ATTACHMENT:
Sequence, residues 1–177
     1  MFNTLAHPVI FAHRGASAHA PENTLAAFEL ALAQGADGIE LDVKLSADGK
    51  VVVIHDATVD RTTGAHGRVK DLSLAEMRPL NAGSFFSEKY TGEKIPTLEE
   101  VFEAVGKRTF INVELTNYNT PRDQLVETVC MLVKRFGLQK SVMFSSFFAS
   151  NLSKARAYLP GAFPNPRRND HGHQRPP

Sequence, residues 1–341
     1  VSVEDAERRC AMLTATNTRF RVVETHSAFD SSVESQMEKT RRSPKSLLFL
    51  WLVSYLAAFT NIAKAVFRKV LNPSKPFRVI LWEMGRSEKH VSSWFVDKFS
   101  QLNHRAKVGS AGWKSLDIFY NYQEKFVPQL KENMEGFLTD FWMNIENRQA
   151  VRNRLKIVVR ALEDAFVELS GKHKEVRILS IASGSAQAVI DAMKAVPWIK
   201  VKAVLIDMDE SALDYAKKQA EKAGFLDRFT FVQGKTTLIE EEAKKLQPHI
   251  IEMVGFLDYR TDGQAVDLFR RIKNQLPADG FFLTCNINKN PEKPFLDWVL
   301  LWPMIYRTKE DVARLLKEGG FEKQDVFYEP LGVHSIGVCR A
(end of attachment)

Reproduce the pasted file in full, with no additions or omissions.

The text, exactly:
Sequence, residues 1–177
     1  MFNTLAHPVI FAHRGASAHA PENTLAAFEL ALAQGADGIE LDVKLSADGK
    51  VVVIHDATVD RTTGAHGRVK DLSLAEMRPL NAGSFFSEKY TGEKIPTLEE
   101  VFEAVGKRTF INVELTNYNT PRDQLVETVC MLVKRFGLQK SVMFSSFFAS
   151  NLSKARAYLP GAFPNPRRND HGHQRPP

Sequence, residues 1–341
     1  VSVEDAERRC AMLTATNTRF RVVETHSAFD SSVESQMEKT RRSPKSLLFL
    51  WLVSYLAAFT NIAKAVFRKV LNPSKPFRVI LWEMGRSEKH VSSWFVDKFS
   101  QLNHRAKVGS AGWKSLDIFY NYQEKFVPQL KENMEGFLTD FWMNIENRQA
   151  VRNRLKIVVR ALEDAFVELS GKHKEVRILS IASGSAQAVI DAMKAVPWIK
   201  VKAVLIDMDE SALDYAKKQA EKAGFLDRFT FVQGKTTLIE EEAKKLQPHI
   251  IEMVGFLDYR TDGQAVDLFR RIKNQLPADG FFLTCNINKN PEKPFLDWVL
   301  LWPMIYRTKE DVARLLKEGG FEKQDVFYEP LGVHSIGVCR A